The process of defining aboutness, referred to as subject analysis by Taylor and Joudrey, is at the heart of information organization. Subject analysis is arguably the most important part of cataloging work, and it is certainly the trickiest. In order to determine the aboutness of a work, the cataloger must be able to accurately represent a knowledge artifact. But the artifact in question might possibly not contain any lexical content. In other words, it may be a nontextual information resource, and thus completely intangible intellectually without the creator’s original insight. Yet, as a cultural information resource, the knowledge artifact still has meaning, which requires it to be abstracted and indexed. How is this to be done? Well, there is still debate among LIS professionals regarding the best practices for subject analysis. The common practice is to isolate subject keywords in an aboutness statement. However, aboutness statements impose the cataloger’s perceptions onto a work, classifying the artifact in a hierarchical manner which may not be culturally precise. Herein lies the danger of subject analysis.
This creates a dilemma for classification of knowledge artifacts. For instance, in order to make an information resource readily retrievable, controlled vocabulary is required. Controlled vocabulary are specific terms which are used for describing all “like” resources. But, as we have seen, describing knowledge artifacts can be difficult. Indeed, sometimes during subject analysis, the cataloger can only describe the of-ness of an artifact (Taylor & Jourdrey, 309). As a general rule, controlled vocabulary makes it easier to find resources in an information system. But if an original cataloger incorrectly represents a knowledge artifact, any surrogate record for that artifact will invariably be misrepresented. Surrogate records can number into the hundreds of thousands. So if the goal of bibliographic networks is to create standardized subject headings in an interoperable system, then hundreds of thousands of inaccurate records could be created. Conversely, if controlled vocabulary is not used in the representation of a knowledge artifact, then that artifact will be made all but impossible to retrieve in an information system. This is the dilemma of subject analysis.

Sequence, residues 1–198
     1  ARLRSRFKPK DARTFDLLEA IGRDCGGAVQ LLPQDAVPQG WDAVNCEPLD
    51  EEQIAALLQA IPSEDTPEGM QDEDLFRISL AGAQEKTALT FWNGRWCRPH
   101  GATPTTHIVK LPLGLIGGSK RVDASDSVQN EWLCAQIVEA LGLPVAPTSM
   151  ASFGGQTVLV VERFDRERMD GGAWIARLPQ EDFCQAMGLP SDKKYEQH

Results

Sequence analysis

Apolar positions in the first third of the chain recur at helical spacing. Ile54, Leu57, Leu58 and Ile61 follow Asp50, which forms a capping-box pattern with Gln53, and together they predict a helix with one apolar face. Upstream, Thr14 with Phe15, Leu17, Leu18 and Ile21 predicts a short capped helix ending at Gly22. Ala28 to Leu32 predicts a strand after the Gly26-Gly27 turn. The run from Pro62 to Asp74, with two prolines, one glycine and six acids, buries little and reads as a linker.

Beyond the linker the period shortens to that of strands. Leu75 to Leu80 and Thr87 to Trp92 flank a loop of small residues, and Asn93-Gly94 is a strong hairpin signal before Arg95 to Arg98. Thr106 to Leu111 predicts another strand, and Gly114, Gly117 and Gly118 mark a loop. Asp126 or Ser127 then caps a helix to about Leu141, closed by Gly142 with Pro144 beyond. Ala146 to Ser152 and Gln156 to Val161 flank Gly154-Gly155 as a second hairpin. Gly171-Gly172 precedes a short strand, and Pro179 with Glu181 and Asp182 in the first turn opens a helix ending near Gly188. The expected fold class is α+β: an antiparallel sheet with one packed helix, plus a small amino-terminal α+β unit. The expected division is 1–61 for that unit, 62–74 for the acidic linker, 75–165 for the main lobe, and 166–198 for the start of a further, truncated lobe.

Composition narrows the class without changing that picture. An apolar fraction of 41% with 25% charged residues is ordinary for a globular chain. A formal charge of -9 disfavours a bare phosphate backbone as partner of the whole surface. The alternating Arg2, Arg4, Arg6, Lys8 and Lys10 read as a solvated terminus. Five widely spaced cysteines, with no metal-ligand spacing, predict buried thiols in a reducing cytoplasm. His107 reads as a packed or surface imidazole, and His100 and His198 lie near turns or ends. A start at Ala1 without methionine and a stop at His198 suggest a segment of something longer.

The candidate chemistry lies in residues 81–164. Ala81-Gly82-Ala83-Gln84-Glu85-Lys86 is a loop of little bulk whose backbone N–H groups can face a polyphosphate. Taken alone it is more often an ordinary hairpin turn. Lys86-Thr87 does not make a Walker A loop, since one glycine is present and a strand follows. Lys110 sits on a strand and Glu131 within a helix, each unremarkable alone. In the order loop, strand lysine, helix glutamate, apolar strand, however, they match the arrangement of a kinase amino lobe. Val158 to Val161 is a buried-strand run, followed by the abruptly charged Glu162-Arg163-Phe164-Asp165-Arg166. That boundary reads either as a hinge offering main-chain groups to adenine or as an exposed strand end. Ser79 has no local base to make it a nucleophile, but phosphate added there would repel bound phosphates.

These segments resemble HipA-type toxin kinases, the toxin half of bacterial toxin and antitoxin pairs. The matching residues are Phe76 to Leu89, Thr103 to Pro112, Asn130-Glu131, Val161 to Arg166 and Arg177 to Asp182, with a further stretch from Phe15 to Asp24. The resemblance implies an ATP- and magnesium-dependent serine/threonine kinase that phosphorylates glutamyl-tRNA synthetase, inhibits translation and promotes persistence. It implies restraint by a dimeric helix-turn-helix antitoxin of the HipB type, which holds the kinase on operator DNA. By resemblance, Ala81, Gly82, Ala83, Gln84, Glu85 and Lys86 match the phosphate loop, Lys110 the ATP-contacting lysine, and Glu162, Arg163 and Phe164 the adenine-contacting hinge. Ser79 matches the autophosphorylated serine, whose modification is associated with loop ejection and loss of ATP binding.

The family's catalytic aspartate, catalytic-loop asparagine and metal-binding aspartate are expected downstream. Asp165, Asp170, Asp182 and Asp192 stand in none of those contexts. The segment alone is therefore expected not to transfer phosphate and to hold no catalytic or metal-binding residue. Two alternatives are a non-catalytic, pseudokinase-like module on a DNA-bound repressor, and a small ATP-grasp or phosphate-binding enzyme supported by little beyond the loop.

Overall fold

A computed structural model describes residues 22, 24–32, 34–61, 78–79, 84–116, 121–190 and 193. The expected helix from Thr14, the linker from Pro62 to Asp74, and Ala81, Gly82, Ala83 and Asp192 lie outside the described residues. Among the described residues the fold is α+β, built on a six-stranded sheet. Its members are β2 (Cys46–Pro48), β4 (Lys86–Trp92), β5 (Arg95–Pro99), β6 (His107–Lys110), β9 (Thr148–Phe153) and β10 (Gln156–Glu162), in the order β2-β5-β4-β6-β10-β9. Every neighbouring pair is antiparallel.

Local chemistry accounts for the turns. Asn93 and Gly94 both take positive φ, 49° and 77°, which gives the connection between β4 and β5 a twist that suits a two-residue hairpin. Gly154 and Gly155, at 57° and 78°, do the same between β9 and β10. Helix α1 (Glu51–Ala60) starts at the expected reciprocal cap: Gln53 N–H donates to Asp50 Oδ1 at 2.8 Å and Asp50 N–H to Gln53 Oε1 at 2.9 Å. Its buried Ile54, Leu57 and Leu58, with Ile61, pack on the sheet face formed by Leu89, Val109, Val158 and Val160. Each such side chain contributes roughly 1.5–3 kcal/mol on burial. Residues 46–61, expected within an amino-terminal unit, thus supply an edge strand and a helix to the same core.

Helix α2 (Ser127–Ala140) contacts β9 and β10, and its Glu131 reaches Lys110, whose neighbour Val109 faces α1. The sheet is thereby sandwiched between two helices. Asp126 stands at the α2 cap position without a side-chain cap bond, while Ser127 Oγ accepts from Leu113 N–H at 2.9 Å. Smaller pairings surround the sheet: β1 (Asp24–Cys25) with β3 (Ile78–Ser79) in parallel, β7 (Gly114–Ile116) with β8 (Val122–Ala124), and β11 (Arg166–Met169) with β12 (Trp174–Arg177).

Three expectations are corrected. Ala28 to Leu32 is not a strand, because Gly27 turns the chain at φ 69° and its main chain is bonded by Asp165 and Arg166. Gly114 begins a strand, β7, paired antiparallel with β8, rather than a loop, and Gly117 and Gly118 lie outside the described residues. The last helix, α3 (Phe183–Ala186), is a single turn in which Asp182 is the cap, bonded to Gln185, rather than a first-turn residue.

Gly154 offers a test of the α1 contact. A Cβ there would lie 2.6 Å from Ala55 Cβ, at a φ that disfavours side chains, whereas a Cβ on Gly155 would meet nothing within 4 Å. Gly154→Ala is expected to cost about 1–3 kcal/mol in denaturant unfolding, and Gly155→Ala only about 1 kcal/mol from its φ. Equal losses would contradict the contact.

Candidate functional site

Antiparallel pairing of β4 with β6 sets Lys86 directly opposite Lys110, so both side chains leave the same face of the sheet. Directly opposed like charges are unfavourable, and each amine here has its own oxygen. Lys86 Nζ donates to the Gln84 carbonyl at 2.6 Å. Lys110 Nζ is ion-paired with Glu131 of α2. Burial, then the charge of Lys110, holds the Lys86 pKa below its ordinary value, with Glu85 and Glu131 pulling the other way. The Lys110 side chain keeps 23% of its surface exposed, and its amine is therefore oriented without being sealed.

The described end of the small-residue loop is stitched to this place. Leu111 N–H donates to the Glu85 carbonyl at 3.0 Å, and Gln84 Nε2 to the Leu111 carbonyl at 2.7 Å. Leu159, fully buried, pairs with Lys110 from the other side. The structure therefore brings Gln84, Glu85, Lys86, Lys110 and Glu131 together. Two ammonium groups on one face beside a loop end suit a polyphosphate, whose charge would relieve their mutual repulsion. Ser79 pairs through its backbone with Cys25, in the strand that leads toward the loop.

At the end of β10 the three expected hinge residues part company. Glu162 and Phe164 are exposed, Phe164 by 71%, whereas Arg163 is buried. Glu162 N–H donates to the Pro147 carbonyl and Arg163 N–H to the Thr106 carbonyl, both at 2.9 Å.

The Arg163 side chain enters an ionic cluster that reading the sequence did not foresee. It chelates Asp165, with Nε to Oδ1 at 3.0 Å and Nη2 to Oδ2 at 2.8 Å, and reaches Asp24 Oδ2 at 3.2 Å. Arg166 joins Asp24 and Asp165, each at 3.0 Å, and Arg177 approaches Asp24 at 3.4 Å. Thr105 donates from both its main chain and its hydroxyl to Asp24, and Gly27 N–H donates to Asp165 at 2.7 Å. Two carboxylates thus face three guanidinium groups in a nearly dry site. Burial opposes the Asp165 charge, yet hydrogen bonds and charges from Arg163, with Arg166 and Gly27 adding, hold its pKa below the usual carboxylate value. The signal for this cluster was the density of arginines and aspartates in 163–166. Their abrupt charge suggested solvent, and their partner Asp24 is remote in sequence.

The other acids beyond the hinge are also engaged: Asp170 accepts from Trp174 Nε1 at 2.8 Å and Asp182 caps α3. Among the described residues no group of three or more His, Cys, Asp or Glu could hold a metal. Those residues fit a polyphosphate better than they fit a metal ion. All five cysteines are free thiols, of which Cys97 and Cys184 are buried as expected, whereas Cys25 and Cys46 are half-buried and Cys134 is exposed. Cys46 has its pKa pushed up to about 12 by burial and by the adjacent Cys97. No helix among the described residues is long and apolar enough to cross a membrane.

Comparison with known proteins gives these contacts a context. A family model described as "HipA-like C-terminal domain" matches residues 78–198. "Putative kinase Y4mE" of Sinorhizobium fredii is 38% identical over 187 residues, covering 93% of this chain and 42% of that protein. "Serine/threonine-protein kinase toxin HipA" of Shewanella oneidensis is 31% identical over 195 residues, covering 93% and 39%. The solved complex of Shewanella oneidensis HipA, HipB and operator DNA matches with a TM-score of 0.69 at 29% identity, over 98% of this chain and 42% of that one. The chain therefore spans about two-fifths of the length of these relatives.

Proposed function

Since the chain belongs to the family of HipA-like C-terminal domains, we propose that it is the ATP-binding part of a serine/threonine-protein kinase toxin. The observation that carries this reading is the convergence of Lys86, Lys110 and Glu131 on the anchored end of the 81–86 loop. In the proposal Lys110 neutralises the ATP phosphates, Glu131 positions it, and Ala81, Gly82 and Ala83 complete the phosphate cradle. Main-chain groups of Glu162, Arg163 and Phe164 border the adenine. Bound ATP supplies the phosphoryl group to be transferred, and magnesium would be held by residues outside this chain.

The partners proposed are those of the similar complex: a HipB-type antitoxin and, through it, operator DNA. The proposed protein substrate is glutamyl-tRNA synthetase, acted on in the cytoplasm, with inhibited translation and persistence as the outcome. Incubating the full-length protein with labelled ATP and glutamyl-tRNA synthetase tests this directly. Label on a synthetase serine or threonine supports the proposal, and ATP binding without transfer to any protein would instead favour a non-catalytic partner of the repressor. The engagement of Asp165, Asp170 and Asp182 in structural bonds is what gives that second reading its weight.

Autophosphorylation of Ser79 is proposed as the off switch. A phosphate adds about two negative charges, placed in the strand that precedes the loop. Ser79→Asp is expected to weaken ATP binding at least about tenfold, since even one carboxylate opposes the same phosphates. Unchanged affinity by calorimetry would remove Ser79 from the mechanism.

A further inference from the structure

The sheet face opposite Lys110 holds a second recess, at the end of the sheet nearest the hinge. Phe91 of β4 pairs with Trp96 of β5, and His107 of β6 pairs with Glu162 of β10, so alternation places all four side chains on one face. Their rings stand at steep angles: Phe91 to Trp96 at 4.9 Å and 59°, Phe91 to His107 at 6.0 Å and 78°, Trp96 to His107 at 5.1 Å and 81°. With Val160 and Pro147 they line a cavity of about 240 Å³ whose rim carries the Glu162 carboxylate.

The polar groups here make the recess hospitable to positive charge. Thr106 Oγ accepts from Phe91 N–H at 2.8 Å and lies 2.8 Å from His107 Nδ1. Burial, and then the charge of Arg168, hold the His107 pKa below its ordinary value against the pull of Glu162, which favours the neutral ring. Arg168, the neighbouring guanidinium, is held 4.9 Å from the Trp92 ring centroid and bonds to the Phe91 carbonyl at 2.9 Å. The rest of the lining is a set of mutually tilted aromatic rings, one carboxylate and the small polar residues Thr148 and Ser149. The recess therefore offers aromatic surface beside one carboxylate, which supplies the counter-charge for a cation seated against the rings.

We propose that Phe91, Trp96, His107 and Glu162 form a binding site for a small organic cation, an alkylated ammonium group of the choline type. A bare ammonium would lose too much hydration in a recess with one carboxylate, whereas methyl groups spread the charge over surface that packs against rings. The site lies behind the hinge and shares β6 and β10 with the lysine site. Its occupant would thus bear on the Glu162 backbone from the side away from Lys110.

Another argument against classification schemes of the past is that they contain restrictive rules which hinder knowledge discovery. Knowledge discovery is the ability to make connections between wide-ranging subjects that otherwise would not be related in a traditional classification system. For example, we have entered an era where almost all data can be linked together in novel and entertaining ways. This is the basis for the Semantic Web. Internet users can link and categorize anything they want by creating tags or folksonomies that showcase niche interests and new subject matter. By analyzing the content of the semantic web, information scientists are working to harness these folksonomies to improve search engine functionality and retrieval tools. It is an exciting time, but it is also a daunting time. Intellectual mastery of the semantic web is necessary to preserve entrenched disciplines that contain thousands of years of knowledge.
In the future, newer forms of information systems will be tried and tested. These will include natural language processors and artificial intelligence systems. But bibliographic data will still be inputted by humans through the process or cataloging and resource description. This task may become easier for catalogers and indexers as information systems may improve on their ability to offer suggestions or provide prepopulated subject headings. But just the same, the work will continue. Taylor and Joudrey illustrated that knowledge management is not perfect. There are flaws and implicit biases in subject analysis. But where data integrity for abstract and philosophical content is concerned, human intervention is still required. Indeed, knowledge is still the province of human beings, not machines.